Yesha Council leader Avi Ro'eh 370.
(photo credit:TOVAH LAZAROFF)
Of the 5,469,041 Israelis who had the right to vote in last month’s local
elections, a majority was focused on improving transportation, education and
However, only five percent of the voters – those who live in
West Bank settlements – would have their newly elected representatives use their
resources to stage national campaigns against the government.
funding has been done for years by municipalities, regional and local councils
of settlements east of the Green Line. No mayor who is elected by anyone of the
95 percent of the citizens in 1967 Israel (i.e. not in settlements) would use
taxpayers’ money to campaign on national issues. It is time to expose this
illegitimate course of action, in the hope that our moderate representatives in
the Knesset will put an end to it.
One well-known beneficiary of
taxpayers’ money in the settlements is the Yesha Council. It is an NGO that many
Israelis know for staging huge media campaigns. The common denominator of these
PR and advertising efforts is to undermine any past or future agreement between
Israel and the Palestinian leadership. Even when such an agreement reflects the
stated goal of the governing coalition.
Founded shortly after the 1967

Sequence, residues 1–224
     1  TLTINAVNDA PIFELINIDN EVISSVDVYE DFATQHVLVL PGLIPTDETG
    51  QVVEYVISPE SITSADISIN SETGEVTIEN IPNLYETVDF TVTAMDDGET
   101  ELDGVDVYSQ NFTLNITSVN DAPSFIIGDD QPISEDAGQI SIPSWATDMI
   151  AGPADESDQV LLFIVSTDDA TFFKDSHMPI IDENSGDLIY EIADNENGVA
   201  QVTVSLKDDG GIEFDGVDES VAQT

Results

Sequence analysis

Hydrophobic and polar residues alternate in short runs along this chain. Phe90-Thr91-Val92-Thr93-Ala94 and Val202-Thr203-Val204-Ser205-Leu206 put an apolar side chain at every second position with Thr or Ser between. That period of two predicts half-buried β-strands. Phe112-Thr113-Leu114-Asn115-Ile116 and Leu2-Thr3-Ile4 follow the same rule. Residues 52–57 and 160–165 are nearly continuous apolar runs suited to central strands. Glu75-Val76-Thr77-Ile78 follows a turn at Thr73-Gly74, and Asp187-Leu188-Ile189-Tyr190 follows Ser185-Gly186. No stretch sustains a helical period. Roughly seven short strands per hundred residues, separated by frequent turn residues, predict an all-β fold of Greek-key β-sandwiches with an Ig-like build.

war, the Yesha Council advocates on behalf of the Israeli settler communities in
the West Bank (Judea and Samaria), a mission that includes supporting their
ideological-political struggle against peacemaking between Israel and the
Palestinians, as well as the expansion of the settlement enterprise and
annexation of the entire occupied territories to Israel.
extra-parliamentary organization, the Yesha Council’s mission may be extremist,
but is not illegitimate. However, the fact that its work is funded primarily by
transfers from the settlements’ municipal budgets is highly questionable given
its lobbying and advocacy activities. The Yesha Council has placed numerous
newspaper ads against rulings of the Supreme Court to evacuate illegal outposts
built on private Palestinian land. They employ a full-time coordinator to lobby
They stage demonstrations and propaganda tours for journalists.
These efforts are obviously in opposition to the vision that is repeatedly
stated by Prime Minister Binyamin Netanyahu of two states for two peoples. They
are inconsistent with the purpose of municipal taxes or state money provided to
local authorities. And they cost taxpayers a great deal of money.
more than NIS 12 million (about $3.5m.) were given to the Yesha Council from
budgets of local authorities of West Bank settlements. This transfer was meant
for campaigning against the government’s “Disengagement Plan” to evacuate Jewish
settlements in the Gaza Strip. As a result, the interior minister summoned the
local authorities for a hearing on the matter, but this did not stop the
municipalities from continuing to fund the Yesha Council.
In the past six
years, NIS 45m. (about $13m.) were transferred from settlements’ municipal
budgets to Yesha. In 2012, Yesha’s budget for advertising and advocacy, not
including wages, overhead costs and training, was some NIS 3.6m. Add to that the
advertising and political advocacy budgets directly spent by the 24
municipalities, regional and local councils of West Bank settlements, and the
magnitude of the problem becomes even more alarming. To give but one example,